HAMMOND | The entire student body and staff lined the main hallway of Bishop Noll Institute for a rousing, energetic sendoff shortly after noon Friday.
With a huge Eclipse charter bus idling outside, members of the undefeated Bishop Noll boys basketball team ran through a gantlet of adoring classmates in a microcosm of a busy week rife with ardent support but also time-consuming distractions.
After a quick prayer, the Warriors were bound for Indianapolis, where they'll play Park Tudor in the Class 2A state championship at approximately 11:30 a.m. Saturday in Conseco Fieldhouse. As the departure approached, relief washed over some members of the program as the buildup is all but done, and all that's left now is the most important game of their lives.
"It's been pretty amazing this week with all of the fans behind us, but I don't think it's going to hit me until I'm actually getting ready for the game," senior point guard Adonis Filer said. "It's kind of like a dream right now."
For 6-foot-8 sophomore forward Milos Kostic, who once stepped inside Conseco and promised friends he'd one day play there, the trip is the culmination of hard work and adversity faced in his homeland of Serbia, where he lived until a few years ago.
"My dream's going to come true," Kostic said. "I'm excited. A lot of people are going to be there, and I'm going there to try to do my best."
The Warriors (26-0) planned to watch game film on the bus ride, practice at an Indianapolis Catholic Youth Organization, dine downtown and then go to bed early in anticipation of Saturday morning's game against the Panthers (25-2). Coach Drew Trost said his team is focused.
"You could definitely tell in practice," Trost said. "We locked them into practice the last two days and kept everyone out."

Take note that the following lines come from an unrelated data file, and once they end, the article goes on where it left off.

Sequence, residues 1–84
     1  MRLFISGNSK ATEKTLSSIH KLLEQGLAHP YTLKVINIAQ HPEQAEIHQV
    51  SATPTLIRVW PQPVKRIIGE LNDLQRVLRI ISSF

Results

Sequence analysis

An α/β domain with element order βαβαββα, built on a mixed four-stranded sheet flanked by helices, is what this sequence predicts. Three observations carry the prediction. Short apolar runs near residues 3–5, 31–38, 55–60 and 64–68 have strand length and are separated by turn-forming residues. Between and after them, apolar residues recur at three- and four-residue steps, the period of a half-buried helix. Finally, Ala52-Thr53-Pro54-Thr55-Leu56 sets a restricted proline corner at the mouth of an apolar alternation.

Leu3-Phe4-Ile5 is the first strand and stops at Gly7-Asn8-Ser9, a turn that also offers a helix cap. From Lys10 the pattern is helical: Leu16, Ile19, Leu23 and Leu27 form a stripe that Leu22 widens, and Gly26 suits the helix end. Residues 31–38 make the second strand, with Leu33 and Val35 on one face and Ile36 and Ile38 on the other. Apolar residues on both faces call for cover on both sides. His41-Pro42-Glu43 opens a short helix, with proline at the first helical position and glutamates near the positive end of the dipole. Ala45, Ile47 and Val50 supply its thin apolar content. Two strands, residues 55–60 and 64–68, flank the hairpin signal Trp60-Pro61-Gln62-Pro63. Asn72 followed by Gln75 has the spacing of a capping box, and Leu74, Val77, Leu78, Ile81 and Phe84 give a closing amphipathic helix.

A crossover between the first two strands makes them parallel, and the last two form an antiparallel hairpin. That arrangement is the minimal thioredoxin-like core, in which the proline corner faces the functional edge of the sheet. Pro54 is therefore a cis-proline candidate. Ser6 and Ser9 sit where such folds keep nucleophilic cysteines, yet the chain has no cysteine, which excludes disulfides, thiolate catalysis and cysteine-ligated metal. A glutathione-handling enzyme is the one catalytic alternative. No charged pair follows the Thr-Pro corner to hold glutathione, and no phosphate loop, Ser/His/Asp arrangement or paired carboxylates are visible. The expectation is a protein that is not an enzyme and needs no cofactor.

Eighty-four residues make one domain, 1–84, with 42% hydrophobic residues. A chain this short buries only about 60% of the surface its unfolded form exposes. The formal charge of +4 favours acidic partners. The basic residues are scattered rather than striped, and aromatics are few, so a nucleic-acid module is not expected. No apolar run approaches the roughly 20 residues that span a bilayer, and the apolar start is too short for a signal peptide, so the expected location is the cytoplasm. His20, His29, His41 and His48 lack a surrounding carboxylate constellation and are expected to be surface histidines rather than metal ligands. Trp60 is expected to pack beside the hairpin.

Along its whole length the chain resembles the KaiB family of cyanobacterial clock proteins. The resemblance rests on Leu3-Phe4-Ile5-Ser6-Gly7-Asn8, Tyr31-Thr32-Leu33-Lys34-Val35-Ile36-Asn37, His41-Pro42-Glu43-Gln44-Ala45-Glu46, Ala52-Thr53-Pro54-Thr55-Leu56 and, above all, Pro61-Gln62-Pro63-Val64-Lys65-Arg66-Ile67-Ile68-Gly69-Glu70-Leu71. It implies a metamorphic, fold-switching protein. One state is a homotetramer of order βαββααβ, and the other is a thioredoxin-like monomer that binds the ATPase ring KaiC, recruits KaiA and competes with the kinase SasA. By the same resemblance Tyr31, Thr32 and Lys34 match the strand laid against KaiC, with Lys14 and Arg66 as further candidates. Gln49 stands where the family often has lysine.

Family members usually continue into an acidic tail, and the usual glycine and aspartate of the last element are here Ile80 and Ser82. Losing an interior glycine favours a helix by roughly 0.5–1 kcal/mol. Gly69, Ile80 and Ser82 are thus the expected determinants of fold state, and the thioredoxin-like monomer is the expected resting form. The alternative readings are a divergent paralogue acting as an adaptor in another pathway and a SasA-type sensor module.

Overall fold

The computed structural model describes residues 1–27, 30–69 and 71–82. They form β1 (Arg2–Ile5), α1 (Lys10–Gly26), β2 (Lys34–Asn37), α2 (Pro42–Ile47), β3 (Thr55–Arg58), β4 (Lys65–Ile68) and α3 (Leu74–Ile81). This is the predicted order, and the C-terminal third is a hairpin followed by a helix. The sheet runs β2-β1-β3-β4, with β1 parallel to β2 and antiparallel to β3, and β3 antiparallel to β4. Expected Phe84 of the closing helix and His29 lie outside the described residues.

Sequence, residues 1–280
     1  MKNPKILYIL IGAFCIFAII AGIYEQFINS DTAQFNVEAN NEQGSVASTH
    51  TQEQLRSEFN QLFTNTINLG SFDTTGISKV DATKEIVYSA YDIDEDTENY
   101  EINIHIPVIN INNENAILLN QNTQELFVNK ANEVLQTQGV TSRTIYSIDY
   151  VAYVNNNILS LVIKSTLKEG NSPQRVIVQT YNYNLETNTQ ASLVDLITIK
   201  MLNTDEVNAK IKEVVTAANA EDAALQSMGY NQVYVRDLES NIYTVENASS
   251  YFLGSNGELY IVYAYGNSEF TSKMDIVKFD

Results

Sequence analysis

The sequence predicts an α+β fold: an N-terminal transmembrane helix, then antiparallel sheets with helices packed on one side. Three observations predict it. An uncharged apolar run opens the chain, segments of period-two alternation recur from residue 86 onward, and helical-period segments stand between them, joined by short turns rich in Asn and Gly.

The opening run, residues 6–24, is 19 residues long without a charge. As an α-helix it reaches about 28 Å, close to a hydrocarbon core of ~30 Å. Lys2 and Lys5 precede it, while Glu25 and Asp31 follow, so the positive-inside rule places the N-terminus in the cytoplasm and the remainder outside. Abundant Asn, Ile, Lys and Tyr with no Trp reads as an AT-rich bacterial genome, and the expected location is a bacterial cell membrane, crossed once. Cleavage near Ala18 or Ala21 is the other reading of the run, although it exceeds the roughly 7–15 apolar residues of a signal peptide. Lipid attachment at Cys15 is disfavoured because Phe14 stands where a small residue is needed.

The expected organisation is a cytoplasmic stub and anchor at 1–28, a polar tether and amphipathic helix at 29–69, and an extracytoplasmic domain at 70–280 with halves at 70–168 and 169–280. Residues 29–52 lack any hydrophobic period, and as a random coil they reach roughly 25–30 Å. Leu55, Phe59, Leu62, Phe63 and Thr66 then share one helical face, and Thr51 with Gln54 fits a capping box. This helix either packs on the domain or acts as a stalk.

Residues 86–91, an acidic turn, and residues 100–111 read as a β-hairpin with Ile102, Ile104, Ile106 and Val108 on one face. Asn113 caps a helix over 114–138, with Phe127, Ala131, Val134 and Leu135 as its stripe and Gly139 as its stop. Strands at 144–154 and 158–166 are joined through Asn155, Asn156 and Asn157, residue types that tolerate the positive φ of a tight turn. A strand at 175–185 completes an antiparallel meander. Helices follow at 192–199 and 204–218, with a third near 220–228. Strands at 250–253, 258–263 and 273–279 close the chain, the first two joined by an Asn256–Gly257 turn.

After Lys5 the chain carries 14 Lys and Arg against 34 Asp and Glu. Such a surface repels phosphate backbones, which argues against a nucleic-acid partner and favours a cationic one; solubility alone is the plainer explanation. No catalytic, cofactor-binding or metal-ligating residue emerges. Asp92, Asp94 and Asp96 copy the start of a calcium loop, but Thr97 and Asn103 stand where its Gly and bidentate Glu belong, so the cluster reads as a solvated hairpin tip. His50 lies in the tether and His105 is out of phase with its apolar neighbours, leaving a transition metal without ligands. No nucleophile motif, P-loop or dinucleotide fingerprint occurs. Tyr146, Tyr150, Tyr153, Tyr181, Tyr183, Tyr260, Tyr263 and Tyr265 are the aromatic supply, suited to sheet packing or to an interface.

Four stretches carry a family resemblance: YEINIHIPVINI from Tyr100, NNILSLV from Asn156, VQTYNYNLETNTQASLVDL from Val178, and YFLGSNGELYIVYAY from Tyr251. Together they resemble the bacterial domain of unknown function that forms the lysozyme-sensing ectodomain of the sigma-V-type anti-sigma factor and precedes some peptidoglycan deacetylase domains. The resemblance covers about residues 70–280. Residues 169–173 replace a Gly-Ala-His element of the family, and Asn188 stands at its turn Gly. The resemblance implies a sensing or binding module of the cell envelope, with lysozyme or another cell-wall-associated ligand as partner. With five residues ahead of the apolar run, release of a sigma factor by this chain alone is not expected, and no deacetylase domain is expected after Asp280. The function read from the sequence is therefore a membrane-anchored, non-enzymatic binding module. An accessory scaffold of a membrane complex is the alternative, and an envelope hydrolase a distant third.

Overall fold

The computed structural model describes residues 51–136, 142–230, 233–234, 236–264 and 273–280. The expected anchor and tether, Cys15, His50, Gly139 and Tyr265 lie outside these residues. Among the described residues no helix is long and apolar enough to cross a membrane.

To wit, freshman reserve Larry Crisler broke his nose Thursday and will wear a plastic mask in the title game.
Well-wishing alumni and community supporters were everywhere this week with a congratulatory handshake. Trost was the talk of the barber shop while getting a haircut early in the week and was accosted at a local restaurant Thursday.
"You can feel the Hoosier Hysteria throughout the region," Trost said.
Noll, which has earned team state championships in football, baseball and swimming, never has won a state title in basketball.
Terry Austin, who played on the Bishop Noll team that made the single-class Final Four in 1988, stopped to say hello Friday just an hour after landing at Midway Airport from Minneapolis, where the East Chicago native works for a nonprofit.
"I wanted to be able to tell them to embrace this because these are the moments you'll never forget," Austin said. "I'll never forget playing against Shawn Kemp and that Concord team. Wearing our blue and gold jerseys, we had a lot of pride."
Noll Principal Colleen McCoy-Cejka said the Warriors have been classy all week as the school sold its allotment of 2,000 tickets in less than 48 hours, tugged at the shirts of the stars and planned a parade for 1 p.m. Sunday near the school.
"The kids are focusing as well as they possibly can while we're in the midst of having made history and trying to make history," McCoy-Cejka said. "The players are nervous, but the student body is so supportive."